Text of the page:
L a - b e a u t é - s a u v e r a - l e - m o n d e ~ D o s t o ï e v s k i

L a - b e a u t é - s a u v e r a - l e - m o n d e  ~  D o s t o ï e v s k i



Sunday, July 20, 2014

Grand Duke Sergei Alexandrovich



Grand Duke Sergei Alexandrovich of Russia (11 May 1857, Tsarskoe Selo – 17 February 1905, Moscow), seventh child and fifth son of Emperor Alexander II of Russia and his wife Marie of Hesse-Darmstadt. Inseparable from his younger brother Paul as a child, Serge - as he was usually called withing the family - was shy, studious, and withdrawn; under the influence of his mother, he became very religious. Though destined for a military career, Serge always had a passion for the Arts, painting well, himself, and even playing flute in an amateur orchestra. He became fluent in several languages and later came to know many of Russia's greatest writers - including Tolstoy and Dostoevsky - personally.

Serge (on the right) with his brother Paul.
Serge and Paul.

As an adult, the grand duke stood more than six feet tall, with a very straight and slim figure - he was also known to wear a corset under his uniform, "in the Prussian style" - had short-cropped fair hair and a neatly trimmed beard, and pale green eyes. Though handsome, intelligent, well read and refined, his great reserve, his self-consciousness, and his disapproving rigidity made him an unattractive personality, totally lacking the easy charm that the Romanov grand dukes were famous for. Always unpopular with the public, even his extended family was strongly divided in their opinion of him; many of his relatives criticized him harshly, but there were those who would remember him warmly. One of the many rumors that surrounded him, during his lifetime and after his death, was that he was homosexual, inclinations he suppressed because of his strong religious beliefs.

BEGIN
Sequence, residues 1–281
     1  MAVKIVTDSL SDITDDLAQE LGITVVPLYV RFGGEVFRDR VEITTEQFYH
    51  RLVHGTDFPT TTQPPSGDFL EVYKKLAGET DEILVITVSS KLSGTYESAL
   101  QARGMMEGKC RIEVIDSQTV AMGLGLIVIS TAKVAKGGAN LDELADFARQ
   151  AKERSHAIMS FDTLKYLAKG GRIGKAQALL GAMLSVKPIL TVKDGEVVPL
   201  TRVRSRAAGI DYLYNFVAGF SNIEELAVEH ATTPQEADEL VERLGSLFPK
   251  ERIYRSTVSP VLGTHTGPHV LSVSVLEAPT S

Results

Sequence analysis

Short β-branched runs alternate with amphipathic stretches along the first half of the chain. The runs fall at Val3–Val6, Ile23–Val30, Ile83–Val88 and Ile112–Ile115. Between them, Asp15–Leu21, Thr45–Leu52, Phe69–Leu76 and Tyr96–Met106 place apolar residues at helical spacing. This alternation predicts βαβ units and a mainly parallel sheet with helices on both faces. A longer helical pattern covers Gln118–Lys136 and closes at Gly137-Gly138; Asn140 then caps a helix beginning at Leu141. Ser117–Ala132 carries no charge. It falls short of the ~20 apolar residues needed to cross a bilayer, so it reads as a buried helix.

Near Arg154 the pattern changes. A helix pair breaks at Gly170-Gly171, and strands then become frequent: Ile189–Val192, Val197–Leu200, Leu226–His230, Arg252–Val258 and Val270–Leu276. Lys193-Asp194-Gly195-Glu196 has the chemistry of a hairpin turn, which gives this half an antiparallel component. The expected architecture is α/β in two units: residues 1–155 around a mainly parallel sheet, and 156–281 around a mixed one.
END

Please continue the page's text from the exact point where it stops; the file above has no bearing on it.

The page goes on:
In 1881, his father was assassinated and his elder brother came to the throne as Alexander III. The next year his brother appointed Serge Commander of the 1st Battalion Preobrazhensky Life Guard Regiment, with whom he would have a long association. In 1884, he married Princess Elisabeth of Hesse-Darmstadt, his first cousin once removed. The marriage came as a shock to many; she was considered one of royal Europe's most beautiful and eligible princesses, and few - including her grandmother Queen Victoria - understood her choice.

Portrait of the couple taken at the time of their engagement.
"Ella" as she was called in the family, 1887.
(It should be remembered that, at that time, people rarely smiled in posed photographs.)

They spent their honeymoon in Ilinskoe, Sergei’s large country estate forty miles west of Moscow on the left bank of the Moskva River; in the future they would spend most summers at Ilinskoe.  Though their marriage would remain childless, the couple was devoted to each other.  And in 1891, after the sudden death of Serge's young sister-in-law, the two infant children of his brother, Grand Duke Paul, began to spend much time with Serge and Elisabeth; eventually they were made their guardians.

Grand Duchess Maria Pavlovna and Grand Duke Dmitri Pavlovich.
At Ilinskoe.  Serge and Maria are in the foreground, Dmitri is on Ella's lap.
In 1916, of course, Dmitri would be involved in the murder of Rasputin, along with Prince Felix Yusupov.
Serge and his niece and nephew, 1899.
With the children at Ilinskoe.